King Vulture

A New Score

Akara walked through the streets of his city in the black of night. He moved through alleys like a ghost, moving like a dancer. He wore an all-black suit. It wasn’t as high quality as the suits of the political and business elites of Nokor City, where they wooed the Emperor and foreign ambassadors in the pristine palace, but it cost an elf like him a pretty penny. The black gloves that adorned his hand were different. He wore a bowler hat. Aivintian fashion. Which is to say, Staynish fashion, but darker. Much like Akara, Aivintis was globalist, and highly dedicated to imitating the elite of the world in order to find its place among them.

This was his city. Ty Rithy was King of Banteay but Akara was King of Nokor City. The overcrowded sidewalks were his palace. His army was tougher than any of Ty grunt. Akara stepped out of the darkness like a shadow peeling off a wall. Even at midnight, Nokor City was alive. It was always alive. He walked past a building that was at least two thousand years old, its stone weathered and battered, and then by a tacky imitation of that same building. Angular roofs all around, the vague image of a temple barely visible underneath the cheap paint of every building in a five block radius. The tourists loved this shit.

He tipped his hat to a Cukish man, smiling underneath the brim, winking at him when the hat rose. The man blushed and, in the process, Akara ran into an unassuming tourist, pale enough to be Aivintian but not quite unhappy enough to be. The tourist wore a large button-up shirt, and khaki shorts. Summer vacation from work, must be. He looked like someone who worked, Akara noted with concealed disgust. He widened his eyes, one green, one gold, and put his hands up innocently. Despite being a little tall, Akara looked rather young. He was, really. Only twenty years old. Young even for the shorter-lifespan species.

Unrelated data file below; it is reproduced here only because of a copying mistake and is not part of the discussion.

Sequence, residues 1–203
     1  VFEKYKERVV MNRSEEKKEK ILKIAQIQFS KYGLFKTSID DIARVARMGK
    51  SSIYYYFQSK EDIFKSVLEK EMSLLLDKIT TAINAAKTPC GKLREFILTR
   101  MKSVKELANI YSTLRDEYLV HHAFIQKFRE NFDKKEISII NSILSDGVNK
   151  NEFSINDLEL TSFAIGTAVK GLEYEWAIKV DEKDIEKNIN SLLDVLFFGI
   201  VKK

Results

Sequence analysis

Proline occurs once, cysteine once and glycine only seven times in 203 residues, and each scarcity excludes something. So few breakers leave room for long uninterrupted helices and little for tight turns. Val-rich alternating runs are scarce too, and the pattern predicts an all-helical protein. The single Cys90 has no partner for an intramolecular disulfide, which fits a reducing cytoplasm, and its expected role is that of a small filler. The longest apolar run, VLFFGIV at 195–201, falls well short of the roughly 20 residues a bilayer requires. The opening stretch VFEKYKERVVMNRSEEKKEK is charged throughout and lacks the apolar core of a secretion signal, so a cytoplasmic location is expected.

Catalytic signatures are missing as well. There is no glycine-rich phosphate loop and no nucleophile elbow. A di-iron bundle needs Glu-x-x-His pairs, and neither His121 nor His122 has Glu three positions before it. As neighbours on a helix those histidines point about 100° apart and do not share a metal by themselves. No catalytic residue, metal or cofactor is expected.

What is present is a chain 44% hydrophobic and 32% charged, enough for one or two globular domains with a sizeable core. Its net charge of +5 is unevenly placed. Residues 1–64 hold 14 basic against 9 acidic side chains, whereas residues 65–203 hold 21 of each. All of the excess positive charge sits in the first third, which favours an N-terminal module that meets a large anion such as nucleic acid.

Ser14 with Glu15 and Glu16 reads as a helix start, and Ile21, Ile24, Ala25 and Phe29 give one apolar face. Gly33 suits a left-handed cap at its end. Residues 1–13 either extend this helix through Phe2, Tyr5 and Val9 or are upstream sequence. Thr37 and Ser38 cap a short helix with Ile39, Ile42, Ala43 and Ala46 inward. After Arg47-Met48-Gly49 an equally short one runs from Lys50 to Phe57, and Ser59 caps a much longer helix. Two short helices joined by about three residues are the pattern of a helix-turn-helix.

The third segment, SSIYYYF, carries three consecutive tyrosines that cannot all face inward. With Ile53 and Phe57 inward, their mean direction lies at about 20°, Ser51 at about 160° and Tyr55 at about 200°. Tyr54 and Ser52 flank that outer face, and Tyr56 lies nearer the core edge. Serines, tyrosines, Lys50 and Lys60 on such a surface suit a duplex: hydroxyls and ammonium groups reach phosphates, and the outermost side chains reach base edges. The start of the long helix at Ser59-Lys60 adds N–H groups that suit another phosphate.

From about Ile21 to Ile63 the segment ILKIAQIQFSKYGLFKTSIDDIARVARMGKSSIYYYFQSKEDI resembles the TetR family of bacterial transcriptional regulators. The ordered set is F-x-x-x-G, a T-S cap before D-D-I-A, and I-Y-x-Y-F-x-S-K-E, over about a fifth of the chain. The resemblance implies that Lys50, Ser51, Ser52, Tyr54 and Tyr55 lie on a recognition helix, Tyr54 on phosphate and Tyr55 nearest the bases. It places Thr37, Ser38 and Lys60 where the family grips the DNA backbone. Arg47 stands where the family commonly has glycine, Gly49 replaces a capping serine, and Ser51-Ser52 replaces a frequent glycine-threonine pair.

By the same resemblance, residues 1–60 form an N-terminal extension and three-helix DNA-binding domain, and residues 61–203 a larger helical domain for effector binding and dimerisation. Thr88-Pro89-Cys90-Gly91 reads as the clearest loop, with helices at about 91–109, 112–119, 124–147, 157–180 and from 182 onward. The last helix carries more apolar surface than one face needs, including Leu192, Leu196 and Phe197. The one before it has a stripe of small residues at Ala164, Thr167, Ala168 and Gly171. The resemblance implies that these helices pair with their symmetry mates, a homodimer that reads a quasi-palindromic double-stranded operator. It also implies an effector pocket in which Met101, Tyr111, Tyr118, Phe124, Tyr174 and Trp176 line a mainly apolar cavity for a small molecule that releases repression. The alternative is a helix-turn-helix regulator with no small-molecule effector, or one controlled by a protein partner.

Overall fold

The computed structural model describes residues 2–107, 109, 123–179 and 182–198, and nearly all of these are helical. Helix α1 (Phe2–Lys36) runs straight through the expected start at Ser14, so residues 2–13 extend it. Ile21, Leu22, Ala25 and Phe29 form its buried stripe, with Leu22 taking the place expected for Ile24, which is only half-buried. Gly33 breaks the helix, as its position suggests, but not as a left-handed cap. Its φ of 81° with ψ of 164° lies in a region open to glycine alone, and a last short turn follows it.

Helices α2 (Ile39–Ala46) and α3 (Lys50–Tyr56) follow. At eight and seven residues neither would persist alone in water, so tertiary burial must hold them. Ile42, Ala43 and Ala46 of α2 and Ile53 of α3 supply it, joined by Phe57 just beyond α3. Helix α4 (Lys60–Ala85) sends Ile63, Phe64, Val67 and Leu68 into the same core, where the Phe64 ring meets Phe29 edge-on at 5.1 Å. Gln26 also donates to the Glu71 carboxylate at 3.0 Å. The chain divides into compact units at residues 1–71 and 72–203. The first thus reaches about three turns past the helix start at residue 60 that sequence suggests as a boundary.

“Apologies, sir, many apologies,” Akara muttered, putting on the broken Staynish of the average Banteay citizen. Knowing the language was different to understanding it. Staynish was complicated.

The man frowned, but didn’t get angry. Definitely not an Aivintian. He was on the phone. He mouthed, “All good,” and went on his way.

Akara thrust his hands into the pockets of his pants, clutching the man’s wallet. Easy mark. He continued walking, opening the wallet and cleaning it out in full view of the world. That was the thing about being in public in Nokor City. There were so many people, no one paid attention to anyone. You were just another face in the crowd. Akara dropped the brown leather wallet — how cliché — on the ground, with the South Hills ID and credit cards still in it. Cards were tricky. He had cleaned out six hundred mkod, crisp bills very clearly received from a currency exchange office maybe that same day. Fool.

He walked only a few more blocks before he turned sharply left into a small alleyway. The moon was covered by the tall buildings on either side, but the starlight shone well, and the businesses the alleyway was wedged between kept electric lights on in the little side street. Next to a large, but practically empty, dumpster, as the trash had come earlier that day, stood an elf in the dim light, smoking a cigarette. Smoking was rather common in the poor, urban areas of Banteay. It only made them poorer and lowered the quality of living. Akara didn’t partake. His father had died of lung cancer. His grandfather had died of liver failure. Substance abuse ran in his family, and he wasn’t going to give in.

The elf wore a blue button-up and slate jeans. He squinted his eyes, one brown and one green. The most common eye colours in Banteay. Kaohlat Elves had a 3 in 4 chance for heterochromia. Some strange genetic mutation developed centuries ago. The elf’s auburn hair was long, covering his pointed ears and reaching just beyond his shoulders. That was a common enough practice for the Kaohlat, although Akara himself kept his hair, which was dyed black, short and styled. His ears were always visible. Made hearing better.